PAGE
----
With all of the talk about a housing bubble in Canada, homeowners may find comfort in a new report suggesting the market could actually be undervalued.
That’s right, undervalued.
Maybe you don’t have to worry about trying to sell at the top of the market after all. For buyers, now might not be the worst time to get in.
At least, that’s the takeaway from housing industry economist Will Dunning who dispels the housing bubble myth and takes aim at doomsayers who believe we’re all living under overpriced roofs.
In a new report called How to Dissect a Housing Bubble, Dunning says a study from the Organization for Economic Co-operation and Development (OECD) suggesting Canada has one of the world’s most over-valued housing markets in the world uses “wildly inaccurate estimates.”
He says the house price-to-rent statistics used by the OECD are “badly flawed.” Instead of relying on the Teranet/National Bank National Composite House Price Index and Consumer Price Index, he says the Royal LePage House Price Survey is more accurate. It shows the price-to-rent ratio in Canada has increased, but by much less than the OECD estimates.
In fact, his reading of this other measure shows the price of your house might continue to go up by as much as 25 per cent over the next two years, depending on what happens with interest rates.
Dunning cites a “large gap” in his calculations between the current ratio of rents versus prices, in comparison to mortgage interest rates.
“The result is that there is room to accommodate a sizeable increase in house prices (as much as 20% to 25% during the next two years) and/or rises in interest rates (as much as one percentage point from current levels),” writes Dunning, who is also chief economist for the Canadian Association of Accredited Mortgage Professionals.
“Thus, rather than being over-valued, house prices in Canada are fairly-valued, and they may even be under-valued.”
Canadians aren’t dumb, he adds. They know that interest rates can rise. Still “they have been prudent, with the result that the housing market has left a considerable amount of room to absorb a future rise in interest costs.”
It’s the latest in a growing list of reports trying to predict the future of Canada’s housing market, particularly after it defied expectations throughout most of 2013.
Last month, TD Bank also criticized the OECD findings suggesting Canada’s market is overvalued by about 60 per cent. Instead, TD forecasts the market is overvalued by about 10 per cent. Its argument was based on housing affordability measures and not the price-to-rent ratio and the price-to-income ratios being used to predict a bubble.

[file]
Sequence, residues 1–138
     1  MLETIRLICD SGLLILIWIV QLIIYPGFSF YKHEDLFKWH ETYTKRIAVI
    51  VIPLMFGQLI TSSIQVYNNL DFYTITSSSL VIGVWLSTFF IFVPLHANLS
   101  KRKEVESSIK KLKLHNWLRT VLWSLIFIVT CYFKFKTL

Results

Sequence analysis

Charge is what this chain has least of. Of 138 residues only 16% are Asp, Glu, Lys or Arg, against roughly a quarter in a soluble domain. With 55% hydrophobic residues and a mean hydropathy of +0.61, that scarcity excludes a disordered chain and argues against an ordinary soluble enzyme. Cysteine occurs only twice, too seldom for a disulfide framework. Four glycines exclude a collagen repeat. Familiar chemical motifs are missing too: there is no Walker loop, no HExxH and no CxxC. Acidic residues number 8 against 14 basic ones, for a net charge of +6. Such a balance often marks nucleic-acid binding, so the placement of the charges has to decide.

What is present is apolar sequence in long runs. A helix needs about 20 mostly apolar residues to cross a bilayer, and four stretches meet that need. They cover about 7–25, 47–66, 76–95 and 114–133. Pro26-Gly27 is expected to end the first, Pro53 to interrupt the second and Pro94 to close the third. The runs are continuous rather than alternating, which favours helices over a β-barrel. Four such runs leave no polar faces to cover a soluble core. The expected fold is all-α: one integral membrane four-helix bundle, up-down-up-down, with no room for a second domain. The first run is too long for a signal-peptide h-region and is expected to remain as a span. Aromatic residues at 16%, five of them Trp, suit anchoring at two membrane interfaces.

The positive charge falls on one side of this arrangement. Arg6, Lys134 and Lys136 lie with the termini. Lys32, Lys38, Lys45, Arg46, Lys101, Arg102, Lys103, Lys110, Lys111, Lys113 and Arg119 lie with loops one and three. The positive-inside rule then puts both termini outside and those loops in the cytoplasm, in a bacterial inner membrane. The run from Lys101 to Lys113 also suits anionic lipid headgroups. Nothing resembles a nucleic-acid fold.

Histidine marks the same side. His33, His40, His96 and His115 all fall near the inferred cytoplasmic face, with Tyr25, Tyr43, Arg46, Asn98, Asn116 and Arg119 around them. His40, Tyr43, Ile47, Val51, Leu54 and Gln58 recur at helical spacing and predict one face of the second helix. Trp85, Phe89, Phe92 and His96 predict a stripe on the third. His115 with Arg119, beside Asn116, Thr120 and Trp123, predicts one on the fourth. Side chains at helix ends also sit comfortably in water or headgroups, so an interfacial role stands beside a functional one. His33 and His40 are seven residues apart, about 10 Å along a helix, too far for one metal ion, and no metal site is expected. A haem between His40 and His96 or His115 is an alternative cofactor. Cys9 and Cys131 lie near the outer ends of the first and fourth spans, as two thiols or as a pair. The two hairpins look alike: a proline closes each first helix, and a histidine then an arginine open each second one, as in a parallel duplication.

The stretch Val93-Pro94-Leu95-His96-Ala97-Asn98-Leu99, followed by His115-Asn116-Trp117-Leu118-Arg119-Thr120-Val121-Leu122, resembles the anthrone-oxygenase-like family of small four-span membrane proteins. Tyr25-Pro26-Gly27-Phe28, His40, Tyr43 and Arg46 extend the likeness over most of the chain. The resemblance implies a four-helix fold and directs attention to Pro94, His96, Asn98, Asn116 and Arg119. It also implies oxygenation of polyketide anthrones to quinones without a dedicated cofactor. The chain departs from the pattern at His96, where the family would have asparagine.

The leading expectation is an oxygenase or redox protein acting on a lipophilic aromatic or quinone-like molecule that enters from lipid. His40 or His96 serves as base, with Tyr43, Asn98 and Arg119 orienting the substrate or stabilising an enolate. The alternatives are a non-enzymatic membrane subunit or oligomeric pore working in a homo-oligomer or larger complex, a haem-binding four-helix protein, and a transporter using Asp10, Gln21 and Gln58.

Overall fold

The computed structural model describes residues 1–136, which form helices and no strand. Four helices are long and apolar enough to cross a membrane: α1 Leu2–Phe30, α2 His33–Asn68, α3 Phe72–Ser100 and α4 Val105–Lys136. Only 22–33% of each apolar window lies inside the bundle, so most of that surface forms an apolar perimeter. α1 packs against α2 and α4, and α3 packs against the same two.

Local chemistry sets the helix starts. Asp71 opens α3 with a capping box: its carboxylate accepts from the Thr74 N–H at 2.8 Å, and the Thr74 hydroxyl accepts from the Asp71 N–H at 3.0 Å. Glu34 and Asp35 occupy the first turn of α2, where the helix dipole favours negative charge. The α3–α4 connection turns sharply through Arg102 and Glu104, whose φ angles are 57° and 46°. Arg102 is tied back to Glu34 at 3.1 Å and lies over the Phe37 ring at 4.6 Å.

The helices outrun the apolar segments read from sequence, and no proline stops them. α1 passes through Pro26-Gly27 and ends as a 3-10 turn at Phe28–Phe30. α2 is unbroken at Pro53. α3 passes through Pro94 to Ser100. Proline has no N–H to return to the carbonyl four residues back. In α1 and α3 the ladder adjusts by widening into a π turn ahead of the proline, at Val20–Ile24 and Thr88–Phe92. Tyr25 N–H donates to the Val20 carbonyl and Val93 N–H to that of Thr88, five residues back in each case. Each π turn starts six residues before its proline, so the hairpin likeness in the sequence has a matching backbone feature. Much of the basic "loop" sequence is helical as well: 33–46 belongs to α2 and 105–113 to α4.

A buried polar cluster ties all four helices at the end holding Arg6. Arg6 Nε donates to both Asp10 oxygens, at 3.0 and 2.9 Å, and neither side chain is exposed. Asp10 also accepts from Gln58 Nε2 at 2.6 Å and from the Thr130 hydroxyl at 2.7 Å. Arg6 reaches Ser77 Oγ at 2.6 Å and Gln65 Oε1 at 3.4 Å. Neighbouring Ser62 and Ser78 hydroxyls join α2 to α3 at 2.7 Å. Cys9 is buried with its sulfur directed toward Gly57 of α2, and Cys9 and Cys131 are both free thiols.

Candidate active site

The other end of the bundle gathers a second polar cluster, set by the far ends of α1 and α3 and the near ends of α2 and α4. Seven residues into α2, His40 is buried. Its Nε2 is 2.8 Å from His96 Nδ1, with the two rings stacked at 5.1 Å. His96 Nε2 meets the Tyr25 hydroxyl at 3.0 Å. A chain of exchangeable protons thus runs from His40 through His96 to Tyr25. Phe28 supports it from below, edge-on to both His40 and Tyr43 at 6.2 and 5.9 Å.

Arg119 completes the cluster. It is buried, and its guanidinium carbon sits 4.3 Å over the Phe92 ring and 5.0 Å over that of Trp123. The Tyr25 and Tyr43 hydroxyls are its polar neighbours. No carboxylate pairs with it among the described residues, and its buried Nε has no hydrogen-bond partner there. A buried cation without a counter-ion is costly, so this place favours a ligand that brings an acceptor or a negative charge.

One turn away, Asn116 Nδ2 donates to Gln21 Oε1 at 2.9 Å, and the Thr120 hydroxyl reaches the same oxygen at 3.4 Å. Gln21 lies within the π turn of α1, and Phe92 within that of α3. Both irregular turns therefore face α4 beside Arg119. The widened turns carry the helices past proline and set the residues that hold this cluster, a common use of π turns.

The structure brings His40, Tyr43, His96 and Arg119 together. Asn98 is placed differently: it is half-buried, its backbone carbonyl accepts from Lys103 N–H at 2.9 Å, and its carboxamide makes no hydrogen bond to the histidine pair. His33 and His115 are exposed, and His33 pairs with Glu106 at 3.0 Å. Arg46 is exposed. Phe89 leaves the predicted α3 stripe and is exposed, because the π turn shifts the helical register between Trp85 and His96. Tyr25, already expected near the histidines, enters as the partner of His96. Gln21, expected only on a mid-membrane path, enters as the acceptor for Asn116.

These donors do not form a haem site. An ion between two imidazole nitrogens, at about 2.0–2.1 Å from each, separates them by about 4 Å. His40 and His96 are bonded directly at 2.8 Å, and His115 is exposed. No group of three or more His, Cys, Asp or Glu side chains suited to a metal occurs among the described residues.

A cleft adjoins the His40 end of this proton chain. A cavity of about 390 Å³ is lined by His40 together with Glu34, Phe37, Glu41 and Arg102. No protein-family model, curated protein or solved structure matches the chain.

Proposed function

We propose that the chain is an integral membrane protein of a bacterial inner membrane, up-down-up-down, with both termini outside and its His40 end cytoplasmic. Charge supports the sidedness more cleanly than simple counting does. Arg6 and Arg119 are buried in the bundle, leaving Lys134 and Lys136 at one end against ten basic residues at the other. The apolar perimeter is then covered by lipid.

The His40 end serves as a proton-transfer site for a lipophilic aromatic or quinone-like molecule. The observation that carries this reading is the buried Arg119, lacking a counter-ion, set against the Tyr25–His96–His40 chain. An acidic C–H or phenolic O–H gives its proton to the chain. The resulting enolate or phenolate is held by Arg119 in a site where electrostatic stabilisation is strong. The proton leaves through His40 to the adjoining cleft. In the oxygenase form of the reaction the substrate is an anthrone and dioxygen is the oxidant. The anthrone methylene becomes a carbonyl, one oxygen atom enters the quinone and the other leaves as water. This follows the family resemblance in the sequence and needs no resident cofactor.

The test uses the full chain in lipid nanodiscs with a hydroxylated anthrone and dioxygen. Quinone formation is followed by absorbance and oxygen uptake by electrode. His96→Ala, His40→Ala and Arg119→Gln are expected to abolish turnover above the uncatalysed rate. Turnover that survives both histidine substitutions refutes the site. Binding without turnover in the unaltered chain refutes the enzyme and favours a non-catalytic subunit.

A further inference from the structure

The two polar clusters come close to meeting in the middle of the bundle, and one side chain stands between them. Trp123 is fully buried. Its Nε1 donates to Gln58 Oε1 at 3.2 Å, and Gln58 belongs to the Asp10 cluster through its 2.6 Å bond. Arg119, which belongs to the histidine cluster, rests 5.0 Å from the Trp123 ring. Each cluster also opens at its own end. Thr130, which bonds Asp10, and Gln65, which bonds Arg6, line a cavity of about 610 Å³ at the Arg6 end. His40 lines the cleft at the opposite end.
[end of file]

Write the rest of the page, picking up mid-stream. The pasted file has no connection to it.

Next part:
“Both these measures fail to take into account the drop in interest rates over the last two decades,” TD economist Diana Petramala said in her report. “What really matters is housing affordability.”
It’s the threat of rising interest rates that led to her call that the market is somewhat overvalued, but well below the extent the OECD and others predict.
“If we assume a more normal interest rate environment, the index points to a 25 per cent overvaluation. On the other extreme, using current interest rates points to a market that is fairly valued,” she wrote.
In her opinion, based on a forecast that interest rates are expected to eventually rise, Petramala believes home prices are "likely roughly 10 per cent overvalued.”
Dunning’s report notes conditions vary across the Canada. He said Vancouver, Canada’s most-expensive market, was “showing characteristics of a bubble,” but that has been deflated “in a surprisingly orderly way.” He also claims Alberta had a short-lived bubble in 2006-07.
As for the country being overbuilt, Dunning isn’t worried: “Actual housing construction exceeds the so-called ‘demographic requirement’,” he writes. “We should not be concerned about that: if too much housing was being produced we would be seeing high vacancies in the rental market and excess supply in the resale market. Housing supply and demand have been in balance in Canada.”
One thing we know for sure: This definitely won’t be the last word on the future direction of Canada’s controversial housing market.